A Bitter Rift Divides Atheists
By BARBARA BRADLEY HAGERTY - NPR
Added: Thu, 22 Oct 2009 23:00:00 UTC
Thanks to many for the link.
Last month, atheists marked Blasphemy Day at gatherings around the world, and celebrated the freedom to denigrate and insult religion.
Some offered to trade pornography for Bibles. Others de-baptized people with hair dryers. And in Washington, D.C., an art exhibit opened that shows, among other paintings, one entitled Divine Wine, where Jesus, on the cross, has blood flowing from his wound into a wine bottle.
Another, Jesus Paints His Nails, shows an effeminate Jesus after the crucifixion, applying polish to the nails that attach his hands to the cross.
"I wouldn't want this on my wall," says Stuart Jordan, an atheist who advises the evidence-based group Center for Inquiry on policy issues. The Center for Inquiry hosted the art show.
Jordan says the exhibit created a firestorm from offended believers, and he can understand why. But, he says, the controversy over this exhibit goes way beyond Blasphemy Day. It's about the future of the atheist movement — and whether to adopt the "new atheist" approach — a more aggressive, often belittling posture toward religious believers.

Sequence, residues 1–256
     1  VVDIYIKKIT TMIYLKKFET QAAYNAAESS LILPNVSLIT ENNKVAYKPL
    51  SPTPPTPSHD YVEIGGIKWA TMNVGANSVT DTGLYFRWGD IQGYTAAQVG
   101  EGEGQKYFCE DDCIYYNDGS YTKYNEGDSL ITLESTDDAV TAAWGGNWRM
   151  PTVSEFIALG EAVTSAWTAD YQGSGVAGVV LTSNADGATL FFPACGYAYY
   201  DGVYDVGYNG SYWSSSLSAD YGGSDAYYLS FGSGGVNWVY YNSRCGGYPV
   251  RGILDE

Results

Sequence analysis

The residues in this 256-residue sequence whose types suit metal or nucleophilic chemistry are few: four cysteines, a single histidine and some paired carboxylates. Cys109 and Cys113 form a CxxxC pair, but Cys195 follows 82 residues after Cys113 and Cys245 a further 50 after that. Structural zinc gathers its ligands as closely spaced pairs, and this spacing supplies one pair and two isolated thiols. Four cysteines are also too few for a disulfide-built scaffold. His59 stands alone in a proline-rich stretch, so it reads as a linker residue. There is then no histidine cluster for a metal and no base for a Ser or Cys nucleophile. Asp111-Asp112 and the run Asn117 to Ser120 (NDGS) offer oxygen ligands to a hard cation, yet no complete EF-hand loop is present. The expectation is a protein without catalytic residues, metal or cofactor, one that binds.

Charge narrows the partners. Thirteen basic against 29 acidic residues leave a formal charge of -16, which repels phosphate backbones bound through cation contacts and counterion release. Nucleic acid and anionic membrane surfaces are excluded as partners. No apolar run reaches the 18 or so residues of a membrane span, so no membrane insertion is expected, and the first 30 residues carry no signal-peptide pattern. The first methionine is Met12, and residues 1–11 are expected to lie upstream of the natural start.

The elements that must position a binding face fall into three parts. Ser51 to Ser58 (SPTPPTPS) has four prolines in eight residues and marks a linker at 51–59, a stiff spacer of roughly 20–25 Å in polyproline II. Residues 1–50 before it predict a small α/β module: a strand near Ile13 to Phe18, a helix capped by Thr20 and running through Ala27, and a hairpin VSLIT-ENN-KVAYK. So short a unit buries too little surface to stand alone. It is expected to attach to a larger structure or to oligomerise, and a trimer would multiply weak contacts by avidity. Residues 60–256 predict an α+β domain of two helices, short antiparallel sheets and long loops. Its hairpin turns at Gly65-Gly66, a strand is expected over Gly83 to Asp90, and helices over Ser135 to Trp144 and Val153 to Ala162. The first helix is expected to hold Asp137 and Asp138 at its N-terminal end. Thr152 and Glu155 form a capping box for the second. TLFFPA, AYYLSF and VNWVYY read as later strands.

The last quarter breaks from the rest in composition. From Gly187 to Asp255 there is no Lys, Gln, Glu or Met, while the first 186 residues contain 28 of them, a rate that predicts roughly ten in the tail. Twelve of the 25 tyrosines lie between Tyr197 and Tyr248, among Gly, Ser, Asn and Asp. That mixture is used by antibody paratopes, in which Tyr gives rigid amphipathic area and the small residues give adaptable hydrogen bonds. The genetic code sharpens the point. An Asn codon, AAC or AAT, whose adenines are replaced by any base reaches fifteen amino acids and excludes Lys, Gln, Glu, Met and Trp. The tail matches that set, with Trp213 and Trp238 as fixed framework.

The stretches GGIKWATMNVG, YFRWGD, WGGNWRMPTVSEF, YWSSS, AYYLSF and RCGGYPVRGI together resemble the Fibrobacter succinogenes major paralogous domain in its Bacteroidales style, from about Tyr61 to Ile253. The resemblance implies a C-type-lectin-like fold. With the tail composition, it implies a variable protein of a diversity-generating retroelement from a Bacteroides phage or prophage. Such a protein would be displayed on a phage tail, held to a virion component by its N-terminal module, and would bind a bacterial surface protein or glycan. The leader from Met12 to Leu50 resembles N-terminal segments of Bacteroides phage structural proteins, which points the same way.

Some call it a schism.
"It's really a national debate among people with a secular orientation about how far do we want to go in promoting a secular society through emphasizing the 'new atheism,' " Jordan says. "And some are very much for it, and some are opposed to it on the grounds that they feel this is largely a religious country, and if it's pushed the wrong way, this is going to insult many of the religious people who should be shown respect even if we don't agree with them on all issues."
Manya A. Brachear - Chicago Tribune 122 Comments
A few conservative Roman Catholics are pointing to a dozen Bible verses and the church's original teachings as proof that Earth is the center of the universe
BBC - BBC News website 154 Comments
A Jewish rabbinical court condemned to death by stoning a stray dog it feared was the reincarnation of a lawyer who insulted its judges, reports say.
MORE BY BARBARA BRADLEY HAGERTY
Barbara Bradley Hagerty - NPR Comments
Supporters call it "conversion therapy." Critics call it "praying away the gay." Whatever name you use, it's creating a ruckus in Christian circles about whether a person can change his or her sexual orientation.
Barbara Bradley Hagerty - NPR - Talk... 5 Comments
Teresa MacBain and Jerry DeWitt on NPR today 2pm local time
Barbara Bradley Hagerty - npr 24 Comments
From Minister To Atheist: A Story Of Losing Faith
Barbara Bradley Hagerty - NPR 14 Comments
Has Obama Waged A War On Religion?